Net Revenue and Discounts

Do you offer discounts in your business? If so, understand how discounts help—or hurt—your small business’s net revenue.

What is net revenue?

Net revenue is the money you earn from sales after subtracting your direct expenses. Direct expenses include deductions (e.g., discounts, returns, and allowances) and cost of goods sold.

Net revenue is different from gross revenue. Your gross revenue equals your total sales.

Net Revenue = Total Sales (Gross Revenue) – Direct Selling Expenses

Net revenue is the top line of your business’s income statement. Net revenue does not include indirect expenses, such as taxes, utilities, and rent.

Net revenue and discounts

You might decide to sell an item for a discounted price. You can discount items by holding a sale, printing coupons, or posting social media promotions.

The difference between your selling price and the discounted price is a direct expense. You deduct the difference from your total sales.

For example, imagine that you own a pizza shop. Last month, you sold 600 pizzas for $15 each. To find your gross revenue, multiply the number of goods sold by the price per good:

600 pizzas X $15 = $9,000.

Then, you look at your net revenue. Last month, you offered coupons that took $1 off a pizza. If 200 people used the coupon, you have $200 in discount expenses.

When you calculate your net revenue, you subtract the amount you discounted ($200) from your gross revenue:

$9,000 – $200 = $8,800.

Discounts decrease your net revenue.

So, why do businesses offer discounts? The effects of offering discounts could help you earn more money. Discounts may attract more customers. More sales can increase your revenue.

Benefits of offering discounts

Discounts could increase traffic in your business. The more traffic your business has, the more likely it is to make sales. One way to draw in customers is to offer incentives. Offering a discount as an incentive may attract more people to your business.

Discounts can help you sell old inventory. Let’s say you own a sporting goods store. As basketball season approaches, you need space for basketball equipment. The previous sports season left you with unsold football equipment. The equipment takes up needed space. Discounts may help you sell the old inventory (football equipment) faster.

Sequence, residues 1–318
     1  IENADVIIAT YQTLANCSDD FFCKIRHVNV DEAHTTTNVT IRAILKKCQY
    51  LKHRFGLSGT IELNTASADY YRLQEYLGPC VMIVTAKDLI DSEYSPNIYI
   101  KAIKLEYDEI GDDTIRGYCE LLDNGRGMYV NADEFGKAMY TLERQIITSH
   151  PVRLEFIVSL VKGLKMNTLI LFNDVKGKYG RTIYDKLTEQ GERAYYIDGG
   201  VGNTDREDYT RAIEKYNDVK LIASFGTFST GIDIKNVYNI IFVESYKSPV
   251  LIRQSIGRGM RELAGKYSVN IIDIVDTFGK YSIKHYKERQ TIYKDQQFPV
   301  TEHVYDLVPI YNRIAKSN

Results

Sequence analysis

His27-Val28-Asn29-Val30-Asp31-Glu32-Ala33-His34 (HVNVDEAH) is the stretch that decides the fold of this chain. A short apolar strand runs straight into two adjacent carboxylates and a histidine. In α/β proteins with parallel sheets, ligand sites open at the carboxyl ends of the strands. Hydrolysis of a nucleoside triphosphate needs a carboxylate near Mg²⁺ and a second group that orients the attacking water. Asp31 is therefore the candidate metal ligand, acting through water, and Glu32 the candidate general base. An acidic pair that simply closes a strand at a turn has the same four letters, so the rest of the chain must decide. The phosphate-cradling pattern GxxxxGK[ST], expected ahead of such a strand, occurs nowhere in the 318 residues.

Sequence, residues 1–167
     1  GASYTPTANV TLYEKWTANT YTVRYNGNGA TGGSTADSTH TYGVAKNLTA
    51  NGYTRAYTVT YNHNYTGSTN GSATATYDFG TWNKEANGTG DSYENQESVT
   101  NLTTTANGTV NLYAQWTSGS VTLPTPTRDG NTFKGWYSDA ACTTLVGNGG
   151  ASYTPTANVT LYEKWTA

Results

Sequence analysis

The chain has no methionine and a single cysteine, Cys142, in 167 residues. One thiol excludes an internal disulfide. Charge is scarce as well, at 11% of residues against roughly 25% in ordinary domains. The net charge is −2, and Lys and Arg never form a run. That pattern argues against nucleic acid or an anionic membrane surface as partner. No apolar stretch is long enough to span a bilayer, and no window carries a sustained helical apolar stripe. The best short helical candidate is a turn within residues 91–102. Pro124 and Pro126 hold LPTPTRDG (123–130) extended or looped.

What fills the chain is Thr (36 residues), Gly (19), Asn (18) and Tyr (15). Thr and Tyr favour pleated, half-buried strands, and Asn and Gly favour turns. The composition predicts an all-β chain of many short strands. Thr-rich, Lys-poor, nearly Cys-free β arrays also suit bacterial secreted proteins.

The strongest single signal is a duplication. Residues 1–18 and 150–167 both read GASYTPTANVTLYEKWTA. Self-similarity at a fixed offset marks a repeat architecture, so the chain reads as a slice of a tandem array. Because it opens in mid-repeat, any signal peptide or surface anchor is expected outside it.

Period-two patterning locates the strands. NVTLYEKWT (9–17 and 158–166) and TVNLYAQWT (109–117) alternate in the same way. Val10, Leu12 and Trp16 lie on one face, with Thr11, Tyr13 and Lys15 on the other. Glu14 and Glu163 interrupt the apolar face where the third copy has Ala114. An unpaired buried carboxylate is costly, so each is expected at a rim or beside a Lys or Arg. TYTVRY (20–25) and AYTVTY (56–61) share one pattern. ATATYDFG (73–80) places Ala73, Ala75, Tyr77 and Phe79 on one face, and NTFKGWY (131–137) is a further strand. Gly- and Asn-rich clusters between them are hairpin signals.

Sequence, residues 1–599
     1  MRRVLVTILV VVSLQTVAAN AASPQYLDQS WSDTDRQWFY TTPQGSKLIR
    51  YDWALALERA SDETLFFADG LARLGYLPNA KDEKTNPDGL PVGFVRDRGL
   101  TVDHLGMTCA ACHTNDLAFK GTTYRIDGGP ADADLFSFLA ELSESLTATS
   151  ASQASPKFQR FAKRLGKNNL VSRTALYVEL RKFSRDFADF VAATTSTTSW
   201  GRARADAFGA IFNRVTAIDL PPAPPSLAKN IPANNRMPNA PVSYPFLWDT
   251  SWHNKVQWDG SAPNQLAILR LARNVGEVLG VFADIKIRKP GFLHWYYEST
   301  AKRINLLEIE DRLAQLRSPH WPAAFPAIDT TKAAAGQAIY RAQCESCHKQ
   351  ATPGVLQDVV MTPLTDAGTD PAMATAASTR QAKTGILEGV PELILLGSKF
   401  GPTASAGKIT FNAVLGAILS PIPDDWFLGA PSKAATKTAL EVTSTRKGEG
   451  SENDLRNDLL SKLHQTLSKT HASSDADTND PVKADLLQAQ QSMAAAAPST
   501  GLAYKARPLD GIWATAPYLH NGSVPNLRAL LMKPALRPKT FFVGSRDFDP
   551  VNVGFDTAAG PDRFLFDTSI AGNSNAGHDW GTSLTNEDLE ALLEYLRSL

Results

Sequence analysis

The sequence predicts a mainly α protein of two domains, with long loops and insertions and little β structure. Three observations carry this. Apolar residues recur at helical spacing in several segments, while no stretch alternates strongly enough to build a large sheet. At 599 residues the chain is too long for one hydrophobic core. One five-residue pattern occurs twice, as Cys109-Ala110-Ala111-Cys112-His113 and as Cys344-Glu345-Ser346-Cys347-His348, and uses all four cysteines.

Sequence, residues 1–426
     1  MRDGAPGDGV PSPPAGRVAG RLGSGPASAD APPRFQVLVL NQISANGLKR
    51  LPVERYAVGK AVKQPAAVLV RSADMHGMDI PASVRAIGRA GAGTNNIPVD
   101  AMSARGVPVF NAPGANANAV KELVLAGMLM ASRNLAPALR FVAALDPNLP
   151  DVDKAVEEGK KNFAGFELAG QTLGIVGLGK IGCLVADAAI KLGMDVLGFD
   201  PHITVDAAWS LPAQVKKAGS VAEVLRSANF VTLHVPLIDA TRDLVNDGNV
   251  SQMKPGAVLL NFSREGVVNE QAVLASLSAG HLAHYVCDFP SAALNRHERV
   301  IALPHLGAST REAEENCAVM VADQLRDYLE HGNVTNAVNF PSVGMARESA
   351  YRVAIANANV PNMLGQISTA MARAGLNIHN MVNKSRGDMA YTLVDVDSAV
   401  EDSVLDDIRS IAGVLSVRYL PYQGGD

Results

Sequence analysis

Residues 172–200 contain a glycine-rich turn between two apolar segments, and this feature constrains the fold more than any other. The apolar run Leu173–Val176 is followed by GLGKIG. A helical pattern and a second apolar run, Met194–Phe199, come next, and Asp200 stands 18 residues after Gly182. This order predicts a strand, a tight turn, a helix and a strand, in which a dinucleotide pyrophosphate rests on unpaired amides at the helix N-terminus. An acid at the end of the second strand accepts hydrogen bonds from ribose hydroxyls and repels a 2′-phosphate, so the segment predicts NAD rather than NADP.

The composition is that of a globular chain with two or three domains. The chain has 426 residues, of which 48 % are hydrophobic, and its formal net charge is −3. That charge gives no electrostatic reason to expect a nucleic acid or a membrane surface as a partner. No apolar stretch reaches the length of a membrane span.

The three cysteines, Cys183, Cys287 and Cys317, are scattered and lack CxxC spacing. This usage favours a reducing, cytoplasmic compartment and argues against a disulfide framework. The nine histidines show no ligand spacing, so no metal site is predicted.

Discounts can potentially earn you quick cash. Increased sales from discounts could help you when funds are low. Discounts offer a temporary rise in revenue if you sell a large volume of goods.

Disadvantages of offering discounts

Discounts could devalue your business. If you offer a lot of discounts consistently, you may need to lower other expenses. You could end up choosing to use low-quality materials or let valuable employees go. The quality of your products may suffer from those decisions.

Discounts could lower your profit margin. Your profit margin measures how well you use your incoming funds to pay for expenses. When you sell an item for less than your asking price, your profit margin decreases. The lower your profit margin, the less profitable your business is.

You might attract low-spending customers. Some customers who enjoy discounts may become repeat customers. However, other customers only buy items at a discounted price. These customers are often one-time buyers and do not contribute to your business’s growth.

Tips for offering discounts

Though discounts decrease your net revenue, discounts can potentially encourage higher sales. Most likely, offering a few discounts will not damage your net revenue. Discounts become dangerous in excess.

Here are some tips for offering discounts:

  • Bundle products – Discounts for buying multiple items may encourage larger purchases. For example, if a customer buys three chairs, they may be willing to buy a fourth for half price.
  • Time discounts carefully – Allow discounts when cash is usually low. If you sell swimwear, you might offer a discount during colder months to generate more sales in your slow season.
  • Be prepared – You will need enough products on hand to meet increased sales. You will also want to prepare your small business budget for increased expenses if your sales end up low.
  • Learn how to start a loyalty program – Loyalty programs reward repeat customers. For example, you might keep a point system for your customers. When they have earned a certain number of points, you can offer them a discount.

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This article has been updated from its original publication date of November 17, 2015.

This is not intended as legal advice; for more information, please click here.

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